Riwaka Resurgence Cave Diving
Climbing bus sized boulders in a cave beneath the Earthâs surface wearing a tight fitting rubber suit is not an experience that is had on every dive.
Most divers in New Zealand consider diving to be solely a marine pastime. Few take time to explore alternative environments. However, there are many experiences to be had in freshwater environments such as rivers, lakes, springs, dams and caves. While there is limited wildlife to encounter, the sensations generated merely by being somewhere totally different are certainly enough to make the experience both exciting and rewarding. One such experience can be had 30 minutes north of Nelson at the base of the Takaka Hill. Here the Riwaka River surfaces from an underground journey below the Takaka Hills into a subterranean cave system known as the Riwaka Resurgence.
Rising 600m above sea level, the Takaka Hills act as a natural drainage system. Fresh water flows for four kilometres underground, taking three days to get through a network of cracks and caves which have been created by the reaction of slightly acidic rain water on calcium carbonate (limestone). This limestone is actually the skeletal remains of marine animals built up over millions of years. As the earth has changed the sea bed has been uplifted and displaced. Because the dissolving process has taken literally hundreds of thousands of years it makes the environment even more unique.
Sport divers have been exploring these cave systems for many years, but for some time were only been able to penetrate a short distance; through two sumps into a large chamber. Since then the system has been explored a further 800 metres incorporating two more sumps. While this is so far the deepest penetration, it is advisable that sport divers only explore the passages mapped on the sign at the cave entrance.
The Riwaka Resurgence is well signposted from the main road between Motueka and the Takaka Hill. From the car park – a popular picnic area set amongst native bush – it is a 10 minute walk to the cave entrance. Gearing up at the car park rather than carrying gear is advised as the track is narrow and steep with steps in sections. When standing at the cave entrance only a small pool and narrow opening can be seen. However, the opening into the cave is much larger beneath the surface where a torch is needed almost immediately. The lead diver carries the penetration line and swims 15 metres through a straight sump which is 12 metres deep. The landscape is unique: lifeless, still, silent and cold. At the end of the sump, a short climb with your fins off across shallow rapids puts you in sump two. This sump is the same depth, but twice as long.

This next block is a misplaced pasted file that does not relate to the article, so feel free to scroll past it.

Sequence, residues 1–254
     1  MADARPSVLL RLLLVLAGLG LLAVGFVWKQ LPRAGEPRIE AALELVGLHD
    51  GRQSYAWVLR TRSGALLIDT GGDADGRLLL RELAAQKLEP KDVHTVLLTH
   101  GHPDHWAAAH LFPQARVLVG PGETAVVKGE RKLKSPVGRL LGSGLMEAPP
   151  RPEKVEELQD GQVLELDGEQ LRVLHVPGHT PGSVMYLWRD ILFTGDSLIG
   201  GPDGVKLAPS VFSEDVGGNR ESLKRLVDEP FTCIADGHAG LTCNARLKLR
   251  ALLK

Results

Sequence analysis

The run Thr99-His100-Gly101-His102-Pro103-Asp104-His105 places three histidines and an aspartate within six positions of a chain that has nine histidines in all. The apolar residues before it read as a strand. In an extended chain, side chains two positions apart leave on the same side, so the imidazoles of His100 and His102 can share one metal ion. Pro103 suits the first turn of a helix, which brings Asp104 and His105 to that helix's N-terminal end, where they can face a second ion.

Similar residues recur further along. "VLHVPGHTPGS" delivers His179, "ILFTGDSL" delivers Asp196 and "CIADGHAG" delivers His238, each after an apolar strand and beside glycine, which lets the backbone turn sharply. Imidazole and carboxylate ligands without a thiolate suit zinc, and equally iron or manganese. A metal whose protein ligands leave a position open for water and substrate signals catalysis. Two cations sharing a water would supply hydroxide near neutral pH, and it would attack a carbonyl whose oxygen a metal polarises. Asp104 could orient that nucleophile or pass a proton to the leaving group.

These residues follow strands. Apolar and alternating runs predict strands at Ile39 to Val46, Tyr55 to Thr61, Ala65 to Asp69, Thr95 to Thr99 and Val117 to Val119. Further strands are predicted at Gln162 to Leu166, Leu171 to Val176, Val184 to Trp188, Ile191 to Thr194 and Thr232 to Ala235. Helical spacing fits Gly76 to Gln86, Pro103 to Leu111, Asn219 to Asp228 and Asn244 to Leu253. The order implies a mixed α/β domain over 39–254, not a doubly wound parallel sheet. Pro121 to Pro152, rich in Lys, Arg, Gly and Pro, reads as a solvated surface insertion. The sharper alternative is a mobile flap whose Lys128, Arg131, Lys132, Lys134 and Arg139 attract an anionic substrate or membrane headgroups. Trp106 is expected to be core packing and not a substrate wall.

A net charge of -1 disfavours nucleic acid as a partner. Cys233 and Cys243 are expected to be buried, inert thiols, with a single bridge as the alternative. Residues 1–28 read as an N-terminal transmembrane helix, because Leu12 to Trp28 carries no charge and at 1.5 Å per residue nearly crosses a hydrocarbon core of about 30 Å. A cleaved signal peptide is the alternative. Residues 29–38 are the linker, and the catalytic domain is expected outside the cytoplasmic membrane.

It is difficult to describe the feeling of being inside a big, empty chamber and somehow magically disappearing underneath it. The highlight of the dive is the massive chamber at the end of sump two. Here scuba equipment is removed and stalactite and stalagmite formations can be admired and explored. Photographers will appreciate the difficulty of taking pictures in an environment devoid of all but a narrow beam of relatively dull artificial light. Judging metering and distances become even more critical with the slightest error resulting in poor pictures. The sheer size of this chamber is totally unexpected; a magnificent waterfall of pink limestone cascades 20 metres or so down one side. It is inviting but donât climb it. By clambering over bus sized boulders you can walk through another small sump where the passage is narrower and the water flows with a hiss and a roar.
The return journey to the cave entrance is along the same entry route. The movement of water through the caves is just enough to ensure one good tangle of your penetration line as you wind it in. The light of day upon exiting is almost a shock as is the dramatically warmer air temperature.
The Riwaka Resurgence is on Department of Conservation administered land and is available for anyone to enjoy at no cost. However, please be aware that it is illegal for any business to operate on DoC land without the correct consent from DoC. This means you cannot pay anyone to take you through the caves. It would be disappointing to lose the use of such a unique resource because a few fail to respect the laws of the land. As with any diving environment we must preserve, conserve and protect it so that our childrenâs children will get the same experiences as we have from it.
Cave diving can be hazardous. Specific rules should be adhered to and respected:
Never leave your rope – it is your lifeline. Visibility may change quickly due to rain or siltation.
Conserve air – use one third in, one third out and a third spare. The environment inside the cave is dark and cold. This will increase air consumption.
Take at least two torches with new batteries.
Batteries other than those specified may cause the bulb to flicker and blow.
The dive should only be done with experienced cave divers who know the system you are entering.
Check all your gear before entry.
Remove your rope on the way out.
Check the weather to ensure no heavy rain is forecast. Similarly do not enter if the water is discoloured.
Take the correct length of ropes.
Look after the environment. Do not touch limestone formations or remove rocks.